In his fifth and final report, Robert Francis QC has concluded the care provided by Stafford Hospital between 2005 and 2008 represented “an appalling failure at every level”.

A public inquiry was called for when the 2009 Healthcare Commission report uncovered routine failings at the hospital, including receptionists assessing whether or not to treat patients, a gross shortage of nurses and a catalogue of preventable deaths.

However, the issue was initially highlighted in 2007 by the friends and families of those who had suffered at the hands of Stafford Hospital. They launched a campaign group called Cure the NHS, specially designed to highlight the problems endemic across the hospital and the Mid-Staffordshire Trust.

They drew attention to the ways in which patients were being continually neglected. Some were left to lie in soiled sheets which relatives were left to wash. Many were left without enough food and drink, forcing them to drink water from vases containing flowers. Adequate treatment was withheld, and patients could be heard screaming in agony. As a previous report by Mr Francis stated, the care was “ineffective”, “lacking in compassion” and suffused with an “uncaring attitude”.

Thankfully, their voice was heard and the Healthcare Commission was stung into action. The Mid-Staffs scandal was subsequently exposed, and it was found that around 400 more patients died at the hospital between 2005 and 2008 than would have been expected.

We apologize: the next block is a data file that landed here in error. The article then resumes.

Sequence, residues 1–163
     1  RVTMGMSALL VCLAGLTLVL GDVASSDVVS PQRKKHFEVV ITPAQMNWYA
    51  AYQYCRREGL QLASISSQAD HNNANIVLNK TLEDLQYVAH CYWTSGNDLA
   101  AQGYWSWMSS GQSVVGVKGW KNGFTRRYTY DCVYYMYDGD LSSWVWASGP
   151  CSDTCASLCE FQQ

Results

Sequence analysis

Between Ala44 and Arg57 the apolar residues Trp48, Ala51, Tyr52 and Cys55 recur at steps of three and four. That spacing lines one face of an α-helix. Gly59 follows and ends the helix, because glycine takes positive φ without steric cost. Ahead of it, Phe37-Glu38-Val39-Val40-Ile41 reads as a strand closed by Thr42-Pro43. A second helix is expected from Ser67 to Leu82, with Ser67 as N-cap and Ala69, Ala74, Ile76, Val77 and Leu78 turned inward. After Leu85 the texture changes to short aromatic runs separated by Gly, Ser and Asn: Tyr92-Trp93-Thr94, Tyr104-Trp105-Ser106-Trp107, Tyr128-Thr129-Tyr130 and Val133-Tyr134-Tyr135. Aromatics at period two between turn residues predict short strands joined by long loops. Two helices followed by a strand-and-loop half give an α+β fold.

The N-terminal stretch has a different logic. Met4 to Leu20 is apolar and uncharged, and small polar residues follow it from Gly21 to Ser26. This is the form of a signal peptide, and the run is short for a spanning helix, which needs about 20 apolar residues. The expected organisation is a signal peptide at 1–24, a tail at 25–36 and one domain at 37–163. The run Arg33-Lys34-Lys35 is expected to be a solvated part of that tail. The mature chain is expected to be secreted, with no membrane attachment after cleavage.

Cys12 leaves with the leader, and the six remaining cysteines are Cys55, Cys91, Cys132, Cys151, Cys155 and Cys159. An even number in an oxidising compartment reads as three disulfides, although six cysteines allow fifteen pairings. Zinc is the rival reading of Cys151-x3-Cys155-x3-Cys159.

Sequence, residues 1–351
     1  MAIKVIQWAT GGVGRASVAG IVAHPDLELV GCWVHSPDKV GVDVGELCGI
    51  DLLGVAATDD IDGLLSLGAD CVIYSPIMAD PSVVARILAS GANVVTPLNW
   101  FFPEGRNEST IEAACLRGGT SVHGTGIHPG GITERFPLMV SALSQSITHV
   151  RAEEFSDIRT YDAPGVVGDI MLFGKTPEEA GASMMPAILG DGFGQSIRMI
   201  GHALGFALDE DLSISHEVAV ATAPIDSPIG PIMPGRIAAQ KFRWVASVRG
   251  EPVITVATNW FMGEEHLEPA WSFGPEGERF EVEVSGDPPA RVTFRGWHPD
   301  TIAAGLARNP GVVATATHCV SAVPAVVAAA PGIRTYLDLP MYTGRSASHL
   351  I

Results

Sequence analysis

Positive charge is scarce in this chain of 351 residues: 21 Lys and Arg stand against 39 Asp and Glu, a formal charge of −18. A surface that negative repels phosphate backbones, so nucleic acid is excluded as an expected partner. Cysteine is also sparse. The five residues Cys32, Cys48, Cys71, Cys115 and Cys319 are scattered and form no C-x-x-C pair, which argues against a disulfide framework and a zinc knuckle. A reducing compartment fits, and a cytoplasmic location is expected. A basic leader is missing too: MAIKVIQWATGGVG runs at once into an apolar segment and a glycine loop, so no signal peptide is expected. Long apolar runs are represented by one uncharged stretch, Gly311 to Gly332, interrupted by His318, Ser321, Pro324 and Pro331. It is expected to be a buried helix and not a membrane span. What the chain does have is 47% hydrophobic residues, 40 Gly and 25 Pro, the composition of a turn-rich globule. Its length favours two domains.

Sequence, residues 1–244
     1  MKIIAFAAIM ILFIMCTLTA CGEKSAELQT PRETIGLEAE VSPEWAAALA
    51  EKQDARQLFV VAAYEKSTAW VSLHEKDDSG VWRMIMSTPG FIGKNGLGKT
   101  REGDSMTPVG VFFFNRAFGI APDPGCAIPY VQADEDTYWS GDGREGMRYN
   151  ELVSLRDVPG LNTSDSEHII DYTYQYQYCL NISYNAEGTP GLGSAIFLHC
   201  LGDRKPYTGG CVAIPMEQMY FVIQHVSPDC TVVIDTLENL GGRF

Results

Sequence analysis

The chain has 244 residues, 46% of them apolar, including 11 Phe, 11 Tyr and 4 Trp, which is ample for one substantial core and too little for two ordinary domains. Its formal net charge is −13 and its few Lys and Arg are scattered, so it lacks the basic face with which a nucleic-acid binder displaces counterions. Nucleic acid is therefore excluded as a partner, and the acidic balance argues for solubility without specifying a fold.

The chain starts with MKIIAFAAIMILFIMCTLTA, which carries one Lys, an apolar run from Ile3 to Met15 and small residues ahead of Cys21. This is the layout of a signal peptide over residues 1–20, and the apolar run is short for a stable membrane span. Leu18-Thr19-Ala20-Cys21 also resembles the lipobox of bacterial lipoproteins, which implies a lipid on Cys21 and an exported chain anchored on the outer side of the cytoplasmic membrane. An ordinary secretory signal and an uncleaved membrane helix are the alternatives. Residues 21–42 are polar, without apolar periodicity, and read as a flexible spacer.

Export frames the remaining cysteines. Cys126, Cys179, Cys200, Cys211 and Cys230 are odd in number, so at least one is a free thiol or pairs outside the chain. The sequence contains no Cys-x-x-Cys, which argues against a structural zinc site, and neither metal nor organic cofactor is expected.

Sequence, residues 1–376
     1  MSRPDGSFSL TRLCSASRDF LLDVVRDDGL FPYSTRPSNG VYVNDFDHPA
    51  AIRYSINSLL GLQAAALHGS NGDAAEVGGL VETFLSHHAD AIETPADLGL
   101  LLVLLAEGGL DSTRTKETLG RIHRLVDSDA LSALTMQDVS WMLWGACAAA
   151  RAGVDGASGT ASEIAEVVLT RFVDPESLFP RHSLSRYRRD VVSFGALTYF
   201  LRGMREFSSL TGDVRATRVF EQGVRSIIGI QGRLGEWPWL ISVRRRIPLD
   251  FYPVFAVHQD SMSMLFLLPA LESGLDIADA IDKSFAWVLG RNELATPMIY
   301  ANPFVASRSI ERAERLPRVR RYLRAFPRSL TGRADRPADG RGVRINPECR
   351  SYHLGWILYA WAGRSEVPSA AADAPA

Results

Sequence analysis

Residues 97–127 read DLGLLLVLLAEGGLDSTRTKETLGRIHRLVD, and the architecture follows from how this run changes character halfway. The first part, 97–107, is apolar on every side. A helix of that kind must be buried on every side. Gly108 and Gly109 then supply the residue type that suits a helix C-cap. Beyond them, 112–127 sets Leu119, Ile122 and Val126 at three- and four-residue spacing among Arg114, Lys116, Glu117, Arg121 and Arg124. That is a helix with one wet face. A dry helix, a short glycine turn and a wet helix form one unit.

It soon became apparent that this culture of abuse had been overlooked by staff and NHS regulators for more than a decade, during which time the Trust had actually been climbing up the NHS ratings ladder. In 2008 it was even granted Foundation status, causing Martin Yeates, former chief executive of the trust, to declare: “we have joined the premier league.”

In response to one of the worst scandals ever to hit the NHS, the Government set up an inquiry, led by Mr Robert Francis QC. In his final report, he said patients had been “let down” by Stafford Hospital, which he believes “put corporate self-interest ahead of patients”. He has made 290 recommendations that, if implemented, would promote a zero tolerance approach to poor care.

While the recommendations may help protect future patients, this will be a small comfort for the families of those who died needlessly at Stafford Hospital. During her hospital admission in 2006, Jane Locke was left in sheets soiled with faeces. She went on to contract three hospital superbugs, from which she did not survive. As her mother June says: “We want to see the [recommendations] in practice and working”, but “we lost a daughter and you can’t get over that”.

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